In January 2020, the ACLU of Massachusetts filed a lawsuit seeking to reunite a family of asylum-seekers separated by a Trump administration policy that has led to widespread chaos and suffering at the southern U.S. border. 

Under what was dubbed the “Migrant Protection Protocols” (MPP) by the Trump administration, tens of thousands of asylum-seekers have been sent to dangerous cities along the U.S.-Mexico border, waiting for distant court dates in an asylum system that the Trump administration is seeking to dismantle. Far from providing “protection” for migrants and asylum-seekers, MPP has exposed people to severe risk of violence and persecution.

The ACLU lawsuit was filed on behalf of a family that, fearing for their lives, fled Central America and sought protection in the United States. The family is now separated as a result of MPP. While Maudy Constanza and their two daughters were screened and released into the United States, her partner and their son were returned to Nuevo Laredo, Mexico, while their cases were processed. 

After returning to Mexico, the father and son spent several days in extremely precarious conditions, surviving an attempted kidnapping, and going hungry when it was too dangerous to go out to buy food. While they eventually found shelter farther from the border, conditions are so unsafe that they rarely leave the home—other than to attend church or when making the dangerous trip to attend their asylum hearings.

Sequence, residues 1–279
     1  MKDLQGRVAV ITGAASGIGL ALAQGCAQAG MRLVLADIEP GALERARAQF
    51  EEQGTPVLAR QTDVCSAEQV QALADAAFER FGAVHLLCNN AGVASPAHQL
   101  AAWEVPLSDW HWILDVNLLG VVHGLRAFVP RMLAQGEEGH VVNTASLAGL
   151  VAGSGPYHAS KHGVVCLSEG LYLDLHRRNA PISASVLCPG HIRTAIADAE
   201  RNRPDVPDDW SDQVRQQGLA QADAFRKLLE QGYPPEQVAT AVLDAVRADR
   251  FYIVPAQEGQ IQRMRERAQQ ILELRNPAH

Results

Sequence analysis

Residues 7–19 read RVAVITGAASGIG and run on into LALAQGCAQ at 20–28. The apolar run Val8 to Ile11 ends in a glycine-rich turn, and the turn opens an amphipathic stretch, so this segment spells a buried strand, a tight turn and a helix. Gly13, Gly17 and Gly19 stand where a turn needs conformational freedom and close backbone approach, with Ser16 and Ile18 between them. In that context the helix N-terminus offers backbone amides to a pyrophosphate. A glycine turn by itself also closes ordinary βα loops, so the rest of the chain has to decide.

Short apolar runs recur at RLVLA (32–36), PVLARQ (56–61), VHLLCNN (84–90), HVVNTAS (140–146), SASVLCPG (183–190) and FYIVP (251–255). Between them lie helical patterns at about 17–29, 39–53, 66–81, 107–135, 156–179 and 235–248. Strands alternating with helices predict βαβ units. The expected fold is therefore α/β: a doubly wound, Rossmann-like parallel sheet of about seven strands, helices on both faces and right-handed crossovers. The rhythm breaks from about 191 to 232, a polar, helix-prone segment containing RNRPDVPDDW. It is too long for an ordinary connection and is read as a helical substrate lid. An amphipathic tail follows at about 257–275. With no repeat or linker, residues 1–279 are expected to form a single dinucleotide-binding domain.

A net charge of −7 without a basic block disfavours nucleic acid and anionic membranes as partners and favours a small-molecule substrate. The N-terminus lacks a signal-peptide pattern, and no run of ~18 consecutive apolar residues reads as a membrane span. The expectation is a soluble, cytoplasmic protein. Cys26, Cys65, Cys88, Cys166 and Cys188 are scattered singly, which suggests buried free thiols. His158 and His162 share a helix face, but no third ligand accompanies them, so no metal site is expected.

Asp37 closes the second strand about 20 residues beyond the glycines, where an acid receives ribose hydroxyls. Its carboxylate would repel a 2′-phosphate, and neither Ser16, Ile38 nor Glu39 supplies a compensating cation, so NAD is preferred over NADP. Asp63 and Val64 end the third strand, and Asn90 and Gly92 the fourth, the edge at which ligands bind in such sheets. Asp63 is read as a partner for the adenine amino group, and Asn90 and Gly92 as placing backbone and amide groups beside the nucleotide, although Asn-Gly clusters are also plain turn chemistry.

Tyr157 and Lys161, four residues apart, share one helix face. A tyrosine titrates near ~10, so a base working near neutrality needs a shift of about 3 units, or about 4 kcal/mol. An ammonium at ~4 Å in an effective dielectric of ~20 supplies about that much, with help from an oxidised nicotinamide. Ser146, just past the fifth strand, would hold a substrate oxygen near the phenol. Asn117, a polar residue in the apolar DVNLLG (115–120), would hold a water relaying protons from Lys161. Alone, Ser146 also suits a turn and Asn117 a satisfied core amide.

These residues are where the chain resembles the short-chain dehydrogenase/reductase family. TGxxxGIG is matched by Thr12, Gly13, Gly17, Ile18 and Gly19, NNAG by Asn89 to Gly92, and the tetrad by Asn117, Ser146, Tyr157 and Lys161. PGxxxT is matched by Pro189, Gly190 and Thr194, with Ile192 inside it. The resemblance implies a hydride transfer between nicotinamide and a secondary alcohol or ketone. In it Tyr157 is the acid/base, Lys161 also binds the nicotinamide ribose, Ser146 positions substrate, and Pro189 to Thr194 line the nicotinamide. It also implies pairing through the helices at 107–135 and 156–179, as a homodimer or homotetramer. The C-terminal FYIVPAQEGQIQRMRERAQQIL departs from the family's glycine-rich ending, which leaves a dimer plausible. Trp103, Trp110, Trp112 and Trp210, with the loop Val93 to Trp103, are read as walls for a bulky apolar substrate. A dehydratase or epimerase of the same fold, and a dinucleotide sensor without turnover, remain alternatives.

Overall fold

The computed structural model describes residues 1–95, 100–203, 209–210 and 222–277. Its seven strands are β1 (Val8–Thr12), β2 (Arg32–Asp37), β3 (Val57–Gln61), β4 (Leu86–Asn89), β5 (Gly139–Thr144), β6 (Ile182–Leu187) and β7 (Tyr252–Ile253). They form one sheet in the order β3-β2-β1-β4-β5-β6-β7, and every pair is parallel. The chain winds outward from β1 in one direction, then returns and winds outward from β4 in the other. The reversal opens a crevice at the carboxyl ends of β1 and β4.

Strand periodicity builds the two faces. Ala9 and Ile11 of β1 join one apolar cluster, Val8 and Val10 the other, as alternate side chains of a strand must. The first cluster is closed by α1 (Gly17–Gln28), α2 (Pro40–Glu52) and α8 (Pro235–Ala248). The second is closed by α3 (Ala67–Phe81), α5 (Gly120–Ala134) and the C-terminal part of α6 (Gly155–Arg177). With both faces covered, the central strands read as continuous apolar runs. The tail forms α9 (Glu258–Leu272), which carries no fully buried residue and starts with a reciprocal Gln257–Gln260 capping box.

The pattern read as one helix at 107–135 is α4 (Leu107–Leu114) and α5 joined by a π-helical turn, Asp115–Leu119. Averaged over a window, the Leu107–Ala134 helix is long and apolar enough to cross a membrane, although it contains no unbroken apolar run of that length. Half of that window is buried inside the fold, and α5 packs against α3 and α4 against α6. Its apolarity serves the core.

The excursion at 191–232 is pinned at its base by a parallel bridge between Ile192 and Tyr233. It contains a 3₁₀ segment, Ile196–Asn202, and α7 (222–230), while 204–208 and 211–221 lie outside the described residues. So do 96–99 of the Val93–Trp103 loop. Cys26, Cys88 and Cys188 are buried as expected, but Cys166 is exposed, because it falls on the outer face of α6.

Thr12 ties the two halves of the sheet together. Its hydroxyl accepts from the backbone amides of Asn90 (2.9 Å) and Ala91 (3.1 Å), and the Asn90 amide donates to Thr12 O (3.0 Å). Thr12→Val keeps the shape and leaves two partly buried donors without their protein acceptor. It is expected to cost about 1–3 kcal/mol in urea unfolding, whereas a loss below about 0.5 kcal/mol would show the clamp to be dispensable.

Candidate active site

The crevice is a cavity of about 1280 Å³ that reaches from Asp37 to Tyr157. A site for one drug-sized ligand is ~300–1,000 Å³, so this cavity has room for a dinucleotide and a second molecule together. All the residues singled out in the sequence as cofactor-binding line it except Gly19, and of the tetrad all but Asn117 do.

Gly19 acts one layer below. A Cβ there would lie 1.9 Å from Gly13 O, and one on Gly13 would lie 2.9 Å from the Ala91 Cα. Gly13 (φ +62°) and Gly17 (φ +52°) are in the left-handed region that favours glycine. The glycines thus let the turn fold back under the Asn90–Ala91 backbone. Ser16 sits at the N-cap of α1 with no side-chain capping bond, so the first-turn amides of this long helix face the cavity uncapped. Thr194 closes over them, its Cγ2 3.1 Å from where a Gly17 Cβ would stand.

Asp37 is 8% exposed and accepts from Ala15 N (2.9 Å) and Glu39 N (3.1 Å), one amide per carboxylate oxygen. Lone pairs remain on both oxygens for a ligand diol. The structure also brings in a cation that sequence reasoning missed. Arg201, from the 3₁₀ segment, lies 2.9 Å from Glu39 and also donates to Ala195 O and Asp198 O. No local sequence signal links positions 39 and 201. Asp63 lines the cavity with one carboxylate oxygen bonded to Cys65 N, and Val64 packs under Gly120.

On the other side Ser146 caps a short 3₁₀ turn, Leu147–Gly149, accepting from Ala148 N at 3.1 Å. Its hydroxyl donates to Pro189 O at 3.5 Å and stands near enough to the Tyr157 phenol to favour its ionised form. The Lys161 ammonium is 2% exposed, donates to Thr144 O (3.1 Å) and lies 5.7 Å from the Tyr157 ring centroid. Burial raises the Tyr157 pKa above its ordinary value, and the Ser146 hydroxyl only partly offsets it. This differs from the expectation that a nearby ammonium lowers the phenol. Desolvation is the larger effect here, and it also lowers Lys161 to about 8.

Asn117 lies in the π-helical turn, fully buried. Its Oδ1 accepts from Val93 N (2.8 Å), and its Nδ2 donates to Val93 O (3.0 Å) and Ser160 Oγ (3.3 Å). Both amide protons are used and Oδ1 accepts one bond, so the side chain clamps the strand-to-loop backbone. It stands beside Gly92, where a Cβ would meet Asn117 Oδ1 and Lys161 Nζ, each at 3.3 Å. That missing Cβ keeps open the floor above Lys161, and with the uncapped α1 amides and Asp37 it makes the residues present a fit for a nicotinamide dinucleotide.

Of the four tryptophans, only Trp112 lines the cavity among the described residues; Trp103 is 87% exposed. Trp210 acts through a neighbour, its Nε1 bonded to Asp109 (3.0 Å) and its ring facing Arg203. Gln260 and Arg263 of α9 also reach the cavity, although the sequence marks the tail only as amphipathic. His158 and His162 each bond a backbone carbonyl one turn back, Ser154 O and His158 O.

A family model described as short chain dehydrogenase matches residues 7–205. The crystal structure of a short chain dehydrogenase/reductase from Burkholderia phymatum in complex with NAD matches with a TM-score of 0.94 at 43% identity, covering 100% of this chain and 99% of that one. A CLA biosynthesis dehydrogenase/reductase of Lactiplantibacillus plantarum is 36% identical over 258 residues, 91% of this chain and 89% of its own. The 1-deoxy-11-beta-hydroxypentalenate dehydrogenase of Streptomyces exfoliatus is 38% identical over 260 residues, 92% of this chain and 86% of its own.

The lawsuit argues that the government’s actions violate federal law, as well as the due process and equal protection clauses of the U.S. Constitution.

UPDATE: After the government agreed to settle the ACLU lawsuit, the family was reunited in Massachusetts on February 6, 2020. Learn more.



Adriana Lafaille, Matthew Segal, Kristin Mulvey (ACLU of Massachusetts); Susan Church (Demissie & Church); Kirsten Mayer, Jessica Dormitzer (Ropes & Gray)

Date filed

January 3, 2020